George W. Glick was the ninth governor of Kansas after the state was admitted into the Union.
George Washington Glick was born at Greencastle, Ohio on July 4, 1827, a son of Isaac and Mary Sanders Glick. When he was about five years old he moved with his parents to Sandusky County, Ohio, where his father acquired extensive farming interests and became a citizen of prominence, having been elected treasurer of the county three times in succession. Here, Glick attended public schools.
His ambition was to be a lawyer and soon after leaving school, he entered the office of Buckland & Hayes at Lower Sandusky (now Fremont), where he studied for two years. He was admitted to the bar in 1850 and began to practice in Fremont, and soon won distinction as a lawyer.
On September 17, 1857, Glick married Elizabeth Ryder in Massillon, Ohio and the couple would eventually have two children.
A firm believer in the principles advocated by the Democratic Party, he cast his political lot with that organization and in 1858 was nominated for Congress, but declined the honor. The same year he made the race for state senator against Ralph P. Buckland, one of his earlier instructors, and although defeated, led his ticket by nearly 2,000 votes. About a year before this campaign he had been appointed colonel of the Second Regiment and Judge-Advocate of the Seventeenth Division of the Ohio militia by Governor Salmon P. Chase.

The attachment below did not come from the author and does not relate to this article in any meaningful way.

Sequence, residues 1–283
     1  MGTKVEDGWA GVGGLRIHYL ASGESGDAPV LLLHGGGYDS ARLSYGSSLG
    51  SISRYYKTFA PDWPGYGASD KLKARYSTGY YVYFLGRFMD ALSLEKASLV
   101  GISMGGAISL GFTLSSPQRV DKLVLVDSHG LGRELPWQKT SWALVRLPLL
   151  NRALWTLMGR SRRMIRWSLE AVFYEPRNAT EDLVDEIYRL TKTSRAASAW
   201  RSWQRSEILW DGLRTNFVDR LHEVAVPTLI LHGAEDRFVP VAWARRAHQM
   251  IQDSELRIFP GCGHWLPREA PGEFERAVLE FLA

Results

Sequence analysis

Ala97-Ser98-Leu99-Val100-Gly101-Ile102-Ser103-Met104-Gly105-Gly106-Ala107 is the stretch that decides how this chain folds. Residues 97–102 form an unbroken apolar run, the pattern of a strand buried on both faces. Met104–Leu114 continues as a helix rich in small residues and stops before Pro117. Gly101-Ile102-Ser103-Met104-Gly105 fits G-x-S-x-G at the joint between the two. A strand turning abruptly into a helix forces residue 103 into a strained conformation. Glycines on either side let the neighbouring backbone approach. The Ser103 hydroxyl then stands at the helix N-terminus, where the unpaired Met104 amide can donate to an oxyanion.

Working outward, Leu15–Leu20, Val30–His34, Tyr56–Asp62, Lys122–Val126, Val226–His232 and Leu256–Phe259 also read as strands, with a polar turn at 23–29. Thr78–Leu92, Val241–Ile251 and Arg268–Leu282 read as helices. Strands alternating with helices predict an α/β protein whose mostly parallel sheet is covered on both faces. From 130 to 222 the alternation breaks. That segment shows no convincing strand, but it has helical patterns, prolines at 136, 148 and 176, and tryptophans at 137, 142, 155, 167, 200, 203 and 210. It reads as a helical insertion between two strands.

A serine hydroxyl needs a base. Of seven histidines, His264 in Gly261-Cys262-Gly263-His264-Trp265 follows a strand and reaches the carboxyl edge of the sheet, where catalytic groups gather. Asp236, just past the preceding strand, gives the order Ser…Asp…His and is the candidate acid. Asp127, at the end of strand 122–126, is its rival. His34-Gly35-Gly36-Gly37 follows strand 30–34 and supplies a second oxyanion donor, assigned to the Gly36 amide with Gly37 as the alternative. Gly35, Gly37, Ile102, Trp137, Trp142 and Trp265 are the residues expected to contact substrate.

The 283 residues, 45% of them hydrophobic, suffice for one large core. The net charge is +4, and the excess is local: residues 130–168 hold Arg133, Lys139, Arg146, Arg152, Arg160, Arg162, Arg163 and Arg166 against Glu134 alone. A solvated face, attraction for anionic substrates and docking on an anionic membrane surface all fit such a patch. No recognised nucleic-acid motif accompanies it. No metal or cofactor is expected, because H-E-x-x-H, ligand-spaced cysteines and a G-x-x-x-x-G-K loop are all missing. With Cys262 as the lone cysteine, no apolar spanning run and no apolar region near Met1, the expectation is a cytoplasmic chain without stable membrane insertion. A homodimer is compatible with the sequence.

In the fall of 1858, Glick came to Kansas, settling at Atchison, where he formed a partnership with Alfred G. Otis, which association lasted for 15 years. At the election of December 6, 1859 — the first election under the Wyandotte Constitution — he was the Democratic candidate for judge of the Second Judicial District; was a member of the legislature from 1863 to 1868; the Democratic candidate for governor in 1868, but was defeated by James M. Harvey; was elected to the legislature again in 1875 and also in 1880; served as Speaker Pro Tem in the session of 1876; and in 1882 was nominated and elected governor, being the only candidate on the Democratic state ticket to win a victory.
Governor Glick had been active in political and legal affairs in many other ways. In 1866 he was elected a delegate to the Union convention at Philadelphia, Pennsylvania; he served as County Commissioner and Auditor of Atchison County; was one of the early directors of the Union Pacific Railroad and attorney for the central branch from 1867 to 1874. He was engaged in farming and stock-raising in 1874, his “Shannon Hill” farm of about 600 acres being one of the best-known farms in eastern Kansas. He was a United States Pension Agent at Topeka from 1885 to 1892; was for over 30 years a member of the State Board of Agriculture, and was involved in numerous other organizations and businesses. On December 7, 1907, he was elected first vice-president of the Kansas Historical Society.
After a long illness Governor Glick died at his home on April 13, 1911.